In my years of analyizing Heisman trophy voting and player performances, I have crunched a LOT of numbers. The Heisman Pundit developed his 10 Heismandments “that govern the Heisman race.” While my analysis supports Huston’s rules, I’ve developed some amendments (Heismendments, if you will), which I call the Heisman HYPE Rule of 3. These guidelines are more quantitative than the Heismandments, since I am a statistician after all. Also, while the Heismandments are prescriptive of the winner, the Rule of 3 are stochastic in nature and pertain to the entire collection of players likely to receive Heisman votes. Without further ado, the Heisman HYPE Rule of 3:
- A top-10 Heisman finisher returning to school has a high probability of returning to the top 10. Since 1936, the season after Jay Berwanger won the first Heisman trophy, 166 top 10 Heisman finishers (or top 4 or top 8 or top 11 depending on the year) have returned to school. Of those players returning, 123 (.714) finished the top 10 in Heisman voting again.
- There will (likely) be one defensive player finishing in the top 10 in Heisman voting. Although defensive players are underrepresented among Heisman winners, they are well-represented among top Heisman finishers. Looking at annual voting, there’s a 50-50 change of a defensive player finishing in the top 10 in Heisman voting (40 out of 80 Heisman voting years have seen a defensive player finish in the top 10). Consider, however, that the first defensive player to garner Heisman votes was Don Moomaw of UCLA in 1952. Considering only 1952-2014 raises the annual probability to .645 (40 out of 63 years). Over that span, there have been 61 defensive players finish in the top 10, giving a player-to-year ratio of .968.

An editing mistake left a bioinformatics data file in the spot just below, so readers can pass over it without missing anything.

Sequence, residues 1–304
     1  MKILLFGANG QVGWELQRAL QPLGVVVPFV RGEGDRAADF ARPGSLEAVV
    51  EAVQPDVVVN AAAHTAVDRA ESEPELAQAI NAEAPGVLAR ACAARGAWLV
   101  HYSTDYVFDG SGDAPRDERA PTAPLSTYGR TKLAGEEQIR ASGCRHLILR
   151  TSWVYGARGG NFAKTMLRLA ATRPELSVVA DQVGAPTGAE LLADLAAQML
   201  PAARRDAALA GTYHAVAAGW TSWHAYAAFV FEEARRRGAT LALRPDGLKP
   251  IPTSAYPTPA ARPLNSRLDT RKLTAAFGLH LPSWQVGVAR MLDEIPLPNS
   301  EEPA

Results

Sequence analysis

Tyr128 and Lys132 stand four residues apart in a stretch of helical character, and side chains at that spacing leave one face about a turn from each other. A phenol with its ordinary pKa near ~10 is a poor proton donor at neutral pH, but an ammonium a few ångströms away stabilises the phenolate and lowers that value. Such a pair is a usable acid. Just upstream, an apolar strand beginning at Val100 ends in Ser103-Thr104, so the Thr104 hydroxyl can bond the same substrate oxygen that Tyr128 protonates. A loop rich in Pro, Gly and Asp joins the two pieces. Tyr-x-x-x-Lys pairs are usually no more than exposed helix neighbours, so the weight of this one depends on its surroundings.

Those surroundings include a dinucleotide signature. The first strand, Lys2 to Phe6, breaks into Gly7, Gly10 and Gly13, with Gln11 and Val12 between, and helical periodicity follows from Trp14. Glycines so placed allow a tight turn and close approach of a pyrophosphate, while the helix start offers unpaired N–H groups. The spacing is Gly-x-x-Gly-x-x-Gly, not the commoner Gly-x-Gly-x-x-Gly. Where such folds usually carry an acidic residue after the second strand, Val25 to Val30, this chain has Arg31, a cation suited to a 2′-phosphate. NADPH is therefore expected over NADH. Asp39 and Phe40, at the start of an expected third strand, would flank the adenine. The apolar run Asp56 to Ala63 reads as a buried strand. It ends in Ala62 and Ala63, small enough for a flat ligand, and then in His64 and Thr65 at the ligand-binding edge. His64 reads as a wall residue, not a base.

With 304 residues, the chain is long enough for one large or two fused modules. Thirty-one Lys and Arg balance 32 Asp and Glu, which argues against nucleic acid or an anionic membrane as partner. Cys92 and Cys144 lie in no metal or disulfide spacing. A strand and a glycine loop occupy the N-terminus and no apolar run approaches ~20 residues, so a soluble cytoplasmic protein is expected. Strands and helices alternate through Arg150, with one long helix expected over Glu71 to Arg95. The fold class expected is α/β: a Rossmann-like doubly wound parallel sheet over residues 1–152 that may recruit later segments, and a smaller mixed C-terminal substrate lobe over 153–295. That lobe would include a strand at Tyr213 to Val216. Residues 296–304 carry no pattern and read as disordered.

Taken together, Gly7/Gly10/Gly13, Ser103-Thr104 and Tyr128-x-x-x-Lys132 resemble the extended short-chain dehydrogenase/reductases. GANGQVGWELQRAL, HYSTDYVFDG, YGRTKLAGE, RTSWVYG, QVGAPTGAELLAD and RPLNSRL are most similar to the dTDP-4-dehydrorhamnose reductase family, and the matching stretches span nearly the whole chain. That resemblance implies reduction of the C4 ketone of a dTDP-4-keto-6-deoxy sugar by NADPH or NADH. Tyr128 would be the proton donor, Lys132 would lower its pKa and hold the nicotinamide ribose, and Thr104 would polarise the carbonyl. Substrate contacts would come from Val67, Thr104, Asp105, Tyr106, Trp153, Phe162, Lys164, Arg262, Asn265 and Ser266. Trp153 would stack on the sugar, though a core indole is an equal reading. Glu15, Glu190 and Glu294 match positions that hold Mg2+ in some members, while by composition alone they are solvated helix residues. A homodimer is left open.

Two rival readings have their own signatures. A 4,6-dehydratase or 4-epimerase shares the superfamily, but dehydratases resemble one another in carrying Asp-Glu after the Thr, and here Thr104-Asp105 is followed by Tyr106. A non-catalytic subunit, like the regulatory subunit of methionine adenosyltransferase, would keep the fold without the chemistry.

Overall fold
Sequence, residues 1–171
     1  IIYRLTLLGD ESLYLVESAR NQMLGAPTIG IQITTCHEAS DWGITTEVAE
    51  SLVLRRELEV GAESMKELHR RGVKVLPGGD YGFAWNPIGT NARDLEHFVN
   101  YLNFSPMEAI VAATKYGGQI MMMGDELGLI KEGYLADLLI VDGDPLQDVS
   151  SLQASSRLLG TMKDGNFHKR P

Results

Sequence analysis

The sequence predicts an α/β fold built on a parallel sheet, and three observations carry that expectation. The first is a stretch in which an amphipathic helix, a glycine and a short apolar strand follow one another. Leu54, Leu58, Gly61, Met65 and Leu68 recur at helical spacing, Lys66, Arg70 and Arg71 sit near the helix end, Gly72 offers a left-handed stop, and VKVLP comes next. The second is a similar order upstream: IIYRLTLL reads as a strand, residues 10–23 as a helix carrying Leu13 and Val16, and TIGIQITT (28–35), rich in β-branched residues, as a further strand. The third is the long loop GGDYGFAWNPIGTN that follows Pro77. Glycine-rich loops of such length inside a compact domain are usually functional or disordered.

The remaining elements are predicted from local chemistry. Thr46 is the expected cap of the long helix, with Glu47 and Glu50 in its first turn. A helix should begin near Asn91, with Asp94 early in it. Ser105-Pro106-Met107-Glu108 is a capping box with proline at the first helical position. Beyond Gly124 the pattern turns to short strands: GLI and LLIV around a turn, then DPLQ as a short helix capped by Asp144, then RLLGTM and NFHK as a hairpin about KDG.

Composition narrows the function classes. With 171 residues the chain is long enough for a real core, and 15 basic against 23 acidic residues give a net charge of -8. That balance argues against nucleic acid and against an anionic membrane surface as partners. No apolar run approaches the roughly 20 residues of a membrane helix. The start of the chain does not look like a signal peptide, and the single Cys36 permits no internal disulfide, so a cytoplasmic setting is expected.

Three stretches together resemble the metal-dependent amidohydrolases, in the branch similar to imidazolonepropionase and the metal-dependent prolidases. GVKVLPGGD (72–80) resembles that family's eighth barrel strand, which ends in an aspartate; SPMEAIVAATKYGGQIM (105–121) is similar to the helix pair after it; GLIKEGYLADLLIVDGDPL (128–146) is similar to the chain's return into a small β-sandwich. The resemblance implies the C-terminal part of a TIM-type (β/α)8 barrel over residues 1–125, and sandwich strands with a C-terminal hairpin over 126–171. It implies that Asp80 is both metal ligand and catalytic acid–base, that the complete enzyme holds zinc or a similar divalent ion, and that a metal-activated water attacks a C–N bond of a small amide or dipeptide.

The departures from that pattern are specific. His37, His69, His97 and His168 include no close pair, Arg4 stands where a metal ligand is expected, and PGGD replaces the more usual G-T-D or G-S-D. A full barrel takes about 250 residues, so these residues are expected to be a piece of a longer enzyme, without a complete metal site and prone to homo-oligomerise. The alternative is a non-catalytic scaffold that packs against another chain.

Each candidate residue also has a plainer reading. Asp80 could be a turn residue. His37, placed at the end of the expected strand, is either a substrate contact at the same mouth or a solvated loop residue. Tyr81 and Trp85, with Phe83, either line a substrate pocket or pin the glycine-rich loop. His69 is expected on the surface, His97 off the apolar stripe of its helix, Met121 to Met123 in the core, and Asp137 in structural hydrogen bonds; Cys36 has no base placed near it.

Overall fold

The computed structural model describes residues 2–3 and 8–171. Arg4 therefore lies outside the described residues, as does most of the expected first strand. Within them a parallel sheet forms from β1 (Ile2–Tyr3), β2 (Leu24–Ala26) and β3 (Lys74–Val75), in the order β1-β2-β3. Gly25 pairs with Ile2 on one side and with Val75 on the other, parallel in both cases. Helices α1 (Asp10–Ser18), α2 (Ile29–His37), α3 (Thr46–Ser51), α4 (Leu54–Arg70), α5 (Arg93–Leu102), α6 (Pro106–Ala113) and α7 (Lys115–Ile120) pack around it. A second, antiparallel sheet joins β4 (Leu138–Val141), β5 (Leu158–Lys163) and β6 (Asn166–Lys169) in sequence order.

- To finish in the top 10 in Heisman voting, a player needs to be going to a bowl game. Since the BCS was introduced in the 1998 season, no player not going to a bowl game has finished any higher than 5th in Heisman voting. Out of 170 players to receive Heisman votes over that same span, only 7 (4.1%) were on teams not going to a bowl (two of were on teams ineligible to play in bowls due to sanctions and two others were from non-AQ conferences). In fact, the last Heisman winner who did not end his season in a bowl game was 1989 winner, Houston QB Andre Ware, due to NCAA sanctions.